Agricultural Best Management Practices
The Conservancy’s watershed conservation program staff provides technical expertise in identifying and treating all forms of non-point source pollution, such as excess nutrients and fertilizers from agricultural operations and sediment from eroding streambanks. This type of pollution is the leading cause of water quality issues impacting our region’s waterways.
Our trained watershed staff provides technical assistance for water quality and riparian area monitoring, macro-invertebrate sampling, habitat evaluations and monitoring protocol development. Our staff is also available to serve on steering and technical committees, and advisory boards at the local, state or federal level.
Water quality can be impacted negatively when common agricultural practices are implemented improperly. For example, when nutrients in the form of manure or commercial fertilizers are applied beyond the needs of a crop or when livestock have unrestricted access to streams, excessive nutrients and sediment can enter waterways in the form of runoff. Agricultural runoff is one of the pollution sources affecting streams in Pennsylvania. Excess nutrients and sediments are carried downstream and become a problem for not only neighbors, but also all animals that depend on streams for food, water and habitat.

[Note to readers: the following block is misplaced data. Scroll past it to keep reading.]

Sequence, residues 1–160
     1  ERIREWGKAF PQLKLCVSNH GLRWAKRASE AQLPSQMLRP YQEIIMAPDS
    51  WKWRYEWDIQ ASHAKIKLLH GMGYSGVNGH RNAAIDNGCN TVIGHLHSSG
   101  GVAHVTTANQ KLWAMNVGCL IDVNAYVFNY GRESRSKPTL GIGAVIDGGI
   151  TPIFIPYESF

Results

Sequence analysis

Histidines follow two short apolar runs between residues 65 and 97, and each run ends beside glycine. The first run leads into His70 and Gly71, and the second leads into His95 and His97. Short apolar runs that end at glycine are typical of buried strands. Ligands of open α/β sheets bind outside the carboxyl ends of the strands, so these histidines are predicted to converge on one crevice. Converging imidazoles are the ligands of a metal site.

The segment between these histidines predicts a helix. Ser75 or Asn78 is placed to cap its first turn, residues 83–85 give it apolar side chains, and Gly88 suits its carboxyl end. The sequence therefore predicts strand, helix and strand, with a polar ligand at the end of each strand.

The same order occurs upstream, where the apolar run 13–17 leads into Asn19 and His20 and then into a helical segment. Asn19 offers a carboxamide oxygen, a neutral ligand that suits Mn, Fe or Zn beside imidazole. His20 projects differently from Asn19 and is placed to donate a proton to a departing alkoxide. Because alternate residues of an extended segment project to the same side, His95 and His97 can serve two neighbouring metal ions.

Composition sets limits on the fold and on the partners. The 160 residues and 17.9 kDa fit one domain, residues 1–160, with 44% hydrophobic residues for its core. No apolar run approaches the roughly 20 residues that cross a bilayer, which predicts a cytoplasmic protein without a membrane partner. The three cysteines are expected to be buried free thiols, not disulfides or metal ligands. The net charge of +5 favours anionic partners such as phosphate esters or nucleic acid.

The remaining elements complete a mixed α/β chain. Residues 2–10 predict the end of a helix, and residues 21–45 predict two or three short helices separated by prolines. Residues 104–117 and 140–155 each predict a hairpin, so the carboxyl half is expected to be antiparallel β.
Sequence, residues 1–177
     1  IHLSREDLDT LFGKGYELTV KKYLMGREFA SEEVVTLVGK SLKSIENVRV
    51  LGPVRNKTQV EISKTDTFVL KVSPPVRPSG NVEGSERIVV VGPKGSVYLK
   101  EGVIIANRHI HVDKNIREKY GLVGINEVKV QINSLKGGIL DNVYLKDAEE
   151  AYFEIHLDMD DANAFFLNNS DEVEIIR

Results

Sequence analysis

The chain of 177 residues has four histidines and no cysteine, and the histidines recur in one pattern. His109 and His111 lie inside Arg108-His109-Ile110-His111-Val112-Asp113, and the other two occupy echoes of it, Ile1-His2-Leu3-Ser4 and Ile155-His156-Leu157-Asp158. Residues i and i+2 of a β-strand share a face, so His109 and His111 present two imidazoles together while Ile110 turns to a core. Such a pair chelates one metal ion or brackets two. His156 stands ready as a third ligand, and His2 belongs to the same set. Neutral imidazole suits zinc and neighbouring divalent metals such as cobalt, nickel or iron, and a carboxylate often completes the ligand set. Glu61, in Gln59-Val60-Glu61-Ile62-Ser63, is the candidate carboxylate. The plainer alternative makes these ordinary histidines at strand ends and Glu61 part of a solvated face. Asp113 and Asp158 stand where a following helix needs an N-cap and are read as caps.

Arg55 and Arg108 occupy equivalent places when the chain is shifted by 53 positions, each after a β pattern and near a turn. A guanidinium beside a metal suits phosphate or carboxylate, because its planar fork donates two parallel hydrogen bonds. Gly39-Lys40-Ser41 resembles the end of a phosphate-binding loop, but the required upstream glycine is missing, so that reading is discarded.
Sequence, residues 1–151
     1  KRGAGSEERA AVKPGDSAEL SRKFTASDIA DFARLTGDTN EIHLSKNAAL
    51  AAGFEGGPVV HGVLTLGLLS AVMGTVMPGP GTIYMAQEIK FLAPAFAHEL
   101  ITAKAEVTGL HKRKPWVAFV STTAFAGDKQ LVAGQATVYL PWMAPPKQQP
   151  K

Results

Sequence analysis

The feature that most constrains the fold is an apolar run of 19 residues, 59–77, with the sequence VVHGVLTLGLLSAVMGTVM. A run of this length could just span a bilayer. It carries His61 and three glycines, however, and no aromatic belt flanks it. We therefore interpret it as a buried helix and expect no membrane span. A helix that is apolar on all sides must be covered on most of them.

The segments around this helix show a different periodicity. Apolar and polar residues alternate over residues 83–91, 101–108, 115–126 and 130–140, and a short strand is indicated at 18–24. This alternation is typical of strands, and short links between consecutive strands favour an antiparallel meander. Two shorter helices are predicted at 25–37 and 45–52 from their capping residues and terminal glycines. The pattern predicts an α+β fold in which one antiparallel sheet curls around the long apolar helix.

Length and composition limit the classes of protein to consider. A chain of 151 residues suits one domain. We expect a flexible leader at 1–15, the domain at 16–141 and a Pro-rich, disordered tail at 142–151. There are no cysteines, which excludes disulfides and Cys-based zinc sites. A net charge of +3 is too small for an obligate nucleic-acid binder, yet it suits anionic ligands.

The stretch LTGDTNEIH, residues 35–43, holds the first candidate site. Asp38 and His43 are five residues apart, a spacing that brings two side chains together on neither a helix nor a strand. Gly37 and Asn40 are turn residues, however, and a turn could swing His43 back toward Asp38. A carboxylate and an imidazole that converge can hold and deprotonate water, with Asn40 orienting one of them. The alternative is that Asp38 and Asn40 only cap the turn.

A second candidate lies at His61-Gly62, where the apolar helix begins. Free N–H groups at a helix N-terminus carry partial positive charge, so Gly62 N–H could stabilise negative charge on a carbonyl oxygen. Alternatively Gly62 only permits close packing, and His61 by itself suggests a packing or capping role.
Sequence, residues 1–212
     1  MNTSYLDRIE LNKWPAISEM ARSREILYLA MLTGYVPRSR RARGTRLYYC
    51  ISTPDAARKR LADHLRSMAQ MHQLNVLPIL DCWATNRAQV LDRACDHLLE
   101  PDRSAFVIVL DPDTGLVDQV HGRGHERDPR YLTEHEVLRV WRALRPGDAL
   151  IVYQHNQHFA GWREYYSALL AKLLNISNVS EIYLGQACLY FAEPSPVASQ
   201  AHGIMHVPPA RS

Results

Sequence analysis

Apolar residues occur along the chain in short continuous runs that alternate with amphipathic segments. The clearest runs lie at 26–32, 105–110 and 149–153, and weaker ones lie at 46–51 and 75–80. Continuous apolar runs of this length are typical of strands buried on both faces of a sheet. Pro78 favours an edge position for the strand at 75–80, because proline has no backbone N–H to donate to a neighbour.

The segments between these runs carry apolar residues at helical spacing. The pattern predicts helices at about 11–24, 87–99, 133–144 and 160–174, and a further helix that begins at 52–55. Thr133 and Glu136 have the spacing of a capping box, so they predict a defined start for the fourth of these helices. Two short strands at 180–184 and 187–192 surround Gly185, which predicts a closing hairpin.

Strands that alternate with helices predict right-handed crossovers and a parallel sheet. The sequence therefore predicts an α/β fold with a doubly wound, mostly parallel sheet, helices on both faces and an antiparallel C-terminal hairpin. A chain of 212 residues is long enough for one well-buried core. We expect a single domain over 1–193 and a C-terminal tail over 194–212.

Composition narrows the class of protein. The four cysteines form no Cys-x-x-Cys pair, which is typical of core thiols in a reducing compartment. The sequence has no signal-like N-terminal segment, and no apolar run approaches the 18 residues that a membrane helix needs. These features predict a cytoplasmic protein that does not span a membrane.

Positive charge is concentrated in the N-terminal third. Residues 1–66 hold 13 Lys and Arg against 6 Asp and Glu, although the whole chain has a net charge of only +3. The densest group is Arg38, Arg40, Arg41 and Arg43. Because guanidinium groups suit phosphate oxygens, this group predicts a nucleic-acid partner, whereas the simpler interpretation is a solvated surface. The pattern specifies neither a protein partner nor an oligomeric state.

The watershed conservation program has certified nutrient management specialists on staff. Our team can meet with agricultural operators about installing best management practices (BMPs) that not only improve and protect water quality around agricultural operations, but may also save a landowner time and money. We can help landowners with improvements to livestock infrastructure and the reduction of offsite fertilizer needs.